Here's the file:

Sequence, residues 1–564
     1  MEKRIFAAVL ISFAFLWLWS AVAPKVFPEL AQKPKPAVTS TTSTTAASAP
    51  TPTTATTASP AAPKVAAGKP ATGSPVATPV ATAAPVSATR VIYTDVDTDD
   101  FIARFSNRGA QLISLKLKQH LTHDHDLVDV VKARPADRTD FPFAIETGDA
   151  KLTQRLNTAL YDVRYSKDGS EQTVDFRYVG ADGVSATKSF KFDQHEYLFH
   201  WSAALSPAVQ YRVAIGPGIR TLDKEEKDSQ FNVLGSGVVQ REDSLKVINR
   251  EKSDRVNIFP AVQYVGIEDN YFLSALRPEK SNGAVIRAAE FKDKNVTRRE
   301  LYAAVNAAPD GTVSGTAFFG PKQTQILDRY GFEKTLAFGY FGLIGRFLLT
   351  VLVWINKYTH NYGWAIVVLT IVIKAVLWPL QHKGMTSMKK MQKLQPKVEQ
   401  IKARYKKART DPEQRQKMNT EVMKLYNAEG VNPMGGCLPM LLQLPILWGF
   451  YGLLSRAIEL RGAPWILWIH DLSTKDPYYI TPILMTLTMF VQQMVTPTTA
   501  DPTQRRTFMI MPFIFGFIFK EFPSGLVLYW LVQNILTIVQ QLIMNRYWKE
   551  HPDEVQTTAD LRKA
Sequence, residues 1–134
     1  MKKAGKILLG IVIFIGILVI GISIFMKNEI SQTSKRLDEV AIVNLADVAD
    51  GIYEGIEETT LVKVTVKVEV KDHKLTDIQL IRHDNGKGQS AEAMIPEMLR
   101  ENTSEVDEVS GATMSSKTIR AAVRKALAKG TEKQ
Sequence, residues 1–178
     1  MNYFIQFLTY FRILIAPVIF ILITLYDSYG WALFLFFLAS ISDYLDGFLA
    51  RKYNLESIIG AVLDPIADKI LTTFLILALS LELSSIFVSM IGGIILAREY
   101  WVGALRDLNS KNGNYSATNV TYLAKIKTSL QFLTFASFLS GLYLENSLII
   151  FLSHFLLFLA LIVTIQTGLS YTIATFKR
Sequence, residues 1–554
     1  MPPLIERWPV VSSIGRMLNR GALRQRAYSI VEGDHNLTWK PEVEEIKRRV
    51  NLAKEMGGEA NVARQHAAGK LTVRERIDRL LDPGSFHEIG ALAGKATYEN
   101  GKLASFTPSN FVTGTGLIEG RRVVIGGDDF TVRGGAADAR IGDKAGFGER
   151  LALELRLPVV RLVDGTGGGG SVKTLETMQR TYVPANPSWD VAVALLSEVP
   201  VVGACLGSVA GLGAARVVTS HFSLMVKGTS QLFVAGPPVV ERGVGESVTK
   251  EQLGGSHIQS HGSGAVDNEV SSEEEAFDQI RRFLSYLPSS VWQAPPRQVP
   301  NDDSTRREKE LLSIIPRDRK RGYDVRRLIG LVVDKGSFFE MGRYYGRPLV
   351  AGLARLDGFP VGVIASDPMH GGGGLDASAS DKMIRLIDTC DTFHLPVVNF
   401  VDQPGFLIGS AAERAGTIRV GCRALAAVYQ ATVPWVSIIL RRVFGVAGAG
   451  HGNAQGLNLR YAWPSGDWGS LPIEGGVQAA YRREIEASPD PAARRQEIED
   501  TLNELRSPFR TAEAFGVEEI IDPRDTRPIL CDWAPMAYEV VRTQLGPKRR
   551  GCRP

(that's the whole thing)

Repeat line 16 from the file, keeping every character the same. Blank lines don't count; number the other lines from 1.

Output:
    51  GIYEGIEETT LVKVTVKVEV KDHKLTDIQL IRHDNGKGQS AEAMIPEMLR